Peter McInerney and his wife Kelly initiated this action
against Wells Fargo Home Mortgage, Inc. (“WFHM”), Wells Fargo
Bank, N.A., and Federal Home Loan Mortgage Corporation (“Freddie
Mac”) in state court.
They sought injunctive relief and damages
covenant of good faith and fair dealing.
After removing the
action to this Court, Defendants filed the presently pending
motion to dismiss arguing that Plaintiffs’ Complaint fails to
state a claim upon which relief may be granted.1
As explained in
the remainder of this Order, Defendants’ Motion to Dismiss for
Failure to State a Claim (ECF No. 3) is granted.
Plaintiffs allege the following in their Complaint.
transaction, he executed a Promissory Note and Security Deed.
The Promissory Note showed WFHM as the lender, and the Security
Deed granted a power of sale to WFHM and WFHM’s “successors and
assigns” over property the Security Deed conveyed.
Deed also provides that “[t]he Note or a partial interest in the
Note (together with this Security Instrument) can be sold one or
more times without prior notice to Borrower.”
Security Deed, ECF No. 1-1 at 77.
the Note to Freddie Mac.
Compl. Ex. B,
On June 28, 2003, WFHM sold
Freddie Mac then securitized the Note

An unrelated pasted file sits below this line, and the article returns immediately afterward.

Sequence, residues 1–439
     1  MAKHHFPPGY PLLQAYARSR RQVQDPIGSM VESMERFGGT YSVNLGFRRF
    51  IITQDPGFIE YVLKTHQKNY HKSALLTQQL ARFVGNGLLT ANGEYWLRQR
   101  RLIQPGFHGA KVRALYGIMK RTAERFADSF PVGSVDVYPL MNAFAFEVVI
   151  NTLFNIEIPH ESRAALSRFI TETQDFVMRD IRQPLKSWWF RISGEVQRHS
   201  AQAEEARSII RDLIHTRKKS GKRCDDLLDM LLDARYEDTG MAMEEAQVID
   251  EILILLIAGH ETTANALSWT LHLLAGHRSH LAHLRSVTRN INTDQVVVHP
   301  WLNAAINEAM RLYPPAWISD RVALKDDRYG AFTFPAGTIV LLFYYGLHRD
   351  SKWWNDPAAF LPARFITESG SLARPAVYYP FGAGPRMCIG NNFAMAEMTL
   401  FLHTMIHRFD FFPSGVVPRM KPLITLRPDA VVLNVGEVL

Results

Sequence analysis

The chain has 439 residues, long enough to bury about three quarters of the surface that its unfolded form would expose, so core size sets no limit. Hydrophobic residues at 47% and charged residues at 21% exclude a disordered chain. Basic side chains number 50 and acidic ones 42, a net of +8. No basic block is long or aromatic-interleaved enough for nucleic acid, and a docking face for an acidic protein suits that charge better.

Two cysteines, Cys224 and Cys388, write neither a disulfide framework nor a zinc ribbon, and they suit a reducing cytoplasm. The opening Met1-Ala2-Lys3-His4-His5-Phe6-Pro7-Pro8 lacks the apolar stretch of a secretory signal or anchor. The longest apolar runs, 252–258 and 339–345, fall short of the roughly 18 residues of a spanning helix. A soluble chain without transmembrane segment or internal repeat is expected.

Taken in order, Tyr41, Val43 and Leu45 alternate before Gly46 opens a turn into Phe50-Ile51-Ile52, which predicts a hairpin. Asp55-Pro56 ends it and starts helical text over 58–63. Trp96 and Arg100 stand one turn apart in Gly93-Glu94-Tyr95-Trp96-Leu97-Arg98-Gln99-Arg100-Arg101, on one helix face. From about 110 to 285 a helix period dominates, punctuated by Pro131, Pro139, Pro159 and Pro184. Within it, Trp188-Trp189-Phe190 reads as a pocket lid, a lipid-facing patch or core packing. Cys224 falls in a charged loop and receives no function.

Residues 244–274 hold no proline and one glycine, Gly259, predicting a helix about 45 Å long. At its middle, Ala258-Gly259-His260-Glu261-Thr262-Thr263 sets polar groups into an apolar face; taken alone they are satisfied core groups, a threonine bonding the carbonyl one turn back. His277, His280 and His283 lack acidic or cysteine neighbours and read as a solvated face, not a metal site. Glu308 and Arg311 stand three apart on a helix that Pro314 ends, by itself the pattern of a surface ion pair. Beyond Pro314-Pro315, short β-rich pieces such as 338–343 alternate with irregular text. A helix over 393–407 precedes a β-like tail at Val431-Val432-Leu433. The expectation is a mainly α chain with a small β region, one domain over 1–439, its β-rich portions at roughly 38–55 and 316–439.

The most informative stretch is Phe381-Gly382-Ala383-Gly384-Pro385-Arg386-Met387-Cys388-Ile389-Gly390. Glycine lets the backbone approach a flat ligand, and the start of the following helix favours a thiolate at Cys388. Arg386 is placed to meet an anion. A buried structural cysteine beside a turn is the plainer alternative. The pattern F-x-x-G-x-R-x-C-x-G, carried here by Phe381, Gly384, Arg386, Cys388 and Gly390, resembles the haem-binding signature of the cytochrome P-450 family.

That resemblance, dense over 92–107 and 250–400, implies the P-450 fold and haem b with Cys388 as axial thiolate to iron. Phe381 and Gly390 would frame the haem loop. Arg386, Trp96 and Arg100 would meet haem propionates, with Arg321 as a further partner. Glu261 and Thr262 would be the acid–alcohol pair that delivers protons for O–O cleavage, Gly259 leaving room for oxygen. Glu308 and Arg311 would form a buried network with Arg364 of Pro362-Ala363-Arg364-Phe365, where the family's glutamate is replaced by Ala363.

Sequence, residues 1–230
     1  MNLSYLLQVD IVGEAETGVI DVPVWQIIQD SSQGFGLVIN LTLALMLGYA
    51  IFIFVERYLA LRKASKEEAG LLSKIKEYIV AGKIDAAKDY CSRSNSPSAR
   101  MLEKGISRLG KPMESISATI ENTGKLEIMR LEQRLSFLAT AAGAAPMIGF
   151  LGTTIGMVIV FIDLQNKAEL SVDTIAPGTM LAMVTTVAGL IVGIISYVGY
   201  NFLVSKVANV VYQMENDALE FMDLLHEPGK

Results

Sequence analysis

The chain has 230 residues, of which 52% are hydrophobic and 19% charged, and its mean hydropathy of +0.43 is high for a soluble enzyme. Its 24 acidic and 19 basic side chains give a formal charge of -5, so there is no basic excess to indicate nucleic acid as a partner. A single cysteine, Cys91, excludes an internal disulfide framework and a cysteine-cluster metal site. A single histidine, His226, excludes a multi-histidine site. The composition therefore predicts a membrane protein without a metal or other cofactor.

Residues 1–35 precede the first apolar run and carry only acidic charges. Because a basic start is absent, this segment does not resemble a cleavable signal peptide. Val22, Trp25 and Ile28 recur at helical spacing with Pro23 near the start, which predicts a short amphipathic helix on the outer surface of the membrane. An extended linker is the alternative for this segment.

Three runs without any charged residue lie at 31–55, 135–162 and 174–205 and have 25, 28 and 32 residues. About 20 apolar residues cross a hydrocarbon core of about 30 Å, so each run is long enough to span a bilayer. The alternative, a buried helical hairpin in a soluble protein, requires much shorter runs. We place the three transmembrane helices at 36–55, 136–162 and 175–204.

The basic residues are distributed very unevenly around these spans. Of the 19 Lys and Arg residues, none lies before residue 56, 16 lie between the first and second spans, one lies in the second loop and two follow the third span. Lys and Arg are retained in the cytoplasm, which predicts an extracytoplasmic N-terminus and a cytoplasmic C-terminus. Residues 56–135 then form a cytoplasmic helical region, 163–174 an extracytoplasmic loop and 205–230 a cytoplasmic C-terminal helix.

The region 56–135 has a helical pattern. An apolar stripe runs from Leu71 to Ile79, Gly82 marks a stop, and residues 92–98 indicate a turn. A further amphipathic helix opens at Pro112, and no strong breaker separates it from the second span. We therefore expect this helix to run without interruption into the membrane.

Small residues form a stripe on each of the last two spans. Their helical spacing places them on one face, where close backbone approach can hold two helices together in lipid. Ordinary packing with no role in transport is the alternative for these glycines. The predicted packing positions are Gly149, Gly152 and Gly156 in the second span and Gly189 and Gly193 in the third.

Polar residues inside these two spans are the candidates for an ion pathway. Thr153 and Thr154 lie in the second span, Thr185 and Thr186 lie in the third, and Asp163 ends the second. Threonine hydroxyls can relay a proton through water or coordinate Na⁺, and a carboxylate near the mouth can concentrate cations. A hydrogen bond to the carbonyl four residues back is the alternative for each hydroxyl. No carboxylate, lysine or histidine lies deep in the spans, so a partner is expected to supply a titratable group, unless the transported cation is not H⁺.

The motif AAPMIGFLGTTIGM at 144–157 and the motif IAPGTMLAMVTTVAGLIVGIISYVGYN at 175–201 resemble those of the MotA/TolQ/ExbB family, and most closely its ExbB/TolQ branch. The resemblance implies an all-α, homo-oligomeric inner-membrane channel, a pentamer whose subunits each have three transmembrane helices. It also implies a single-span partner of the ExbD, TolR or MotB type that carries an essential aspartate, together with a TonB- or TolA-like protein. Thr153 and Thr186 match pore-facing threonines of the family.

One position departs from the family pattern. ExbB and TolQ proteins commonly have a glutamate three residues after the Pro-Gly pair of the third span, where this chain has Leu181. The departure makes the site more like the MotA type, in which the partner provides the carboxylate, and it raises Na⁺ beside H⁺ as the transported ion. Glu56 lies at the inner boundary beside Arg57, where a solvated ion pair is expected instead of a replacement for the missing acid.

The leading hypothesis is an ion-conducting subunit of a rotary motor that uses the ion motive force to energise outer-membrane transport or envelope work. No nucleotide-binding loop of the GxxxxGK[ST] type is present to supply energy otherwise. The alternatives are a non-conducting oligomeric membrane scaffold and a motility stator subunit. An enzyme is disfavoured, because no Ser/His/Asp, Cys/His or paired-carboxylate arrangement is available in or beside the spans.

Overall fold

and placed it in a mortgage-backed security trust.
WFHM dissolved and its assets, including the McInerney Security
were assumed by Wells Fargo
as “successor by merger.”
Federal jurisdiction is based upon the joinder of Freddie Mac, a
United States Government Agency for purposes of 28 U.S.C. § 1442, as a
WFHM serviced the loan prior to its dissolution, and Wells Fargo
continued to service the loan after the merger.
Mr. McInerney began missing payments on the loan in late
discussed modifying his loan with representatives of WFHM and
In September 2009, Wells Fargo extended a three-
month Trial Modification to Mr. McInerney under the federal Home
Affordable Modification Program (“HAMP”).
He made three timely
payments under this agreement while waiting for a response to
his request for permanent modification.
After more back-and-
forth with WFHM and Wells Fargo, Mr. McInerney received a letter
on February 21, 2010 stating that his loan was in default and
that he must pay amounts owed by March 23 to avoid foreclosure.
On March 25, 2010, he received a letter stating that WFHM had
referred the loan to begin foreclosure proceedings.
On June 10,
2012, WFHM sent a letter to Mr. McInerney through the law firm
McCalla Raymer, LLC, attempting to collect the debt owed.
authorized to receive payment on your loan but which may not be
the recorded holder of the security deed.”
Compl. ¶ 60, ECF No.
disputing whether Wells Fargo had the right to foreclose on the
Wells Fargo sent a Notice of Foreclosure Sale to Mr.
McInerney via McCalla Raymer on September 19, 2012, stating that